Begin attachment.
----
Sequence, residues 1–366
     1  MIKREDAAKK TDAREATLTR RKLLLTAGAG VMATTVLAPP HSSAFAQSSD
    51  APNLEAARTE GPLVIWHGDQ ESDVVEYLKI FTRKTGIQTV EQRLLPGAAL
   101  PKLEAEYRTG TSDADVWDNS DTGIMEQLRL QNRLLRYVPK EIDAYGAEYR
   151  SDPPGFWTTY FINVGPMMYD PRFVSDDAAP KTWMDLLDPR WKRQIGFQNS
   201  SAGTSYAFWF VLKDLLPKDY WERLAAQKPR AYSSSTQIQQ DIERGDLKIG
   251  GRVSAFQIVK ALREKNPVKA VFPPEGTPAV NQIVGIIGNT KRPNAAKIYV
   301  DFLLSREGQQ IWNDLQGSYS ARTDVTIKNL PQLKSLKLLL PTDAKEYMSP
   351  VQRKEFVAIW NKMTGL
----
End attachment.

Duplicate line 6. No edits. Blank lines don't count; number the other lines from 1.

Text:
   201  SAGTSYAFWF VLKDLLPKDY WERLAAQKPR AYSSSTQIQQ DIERGDLKIG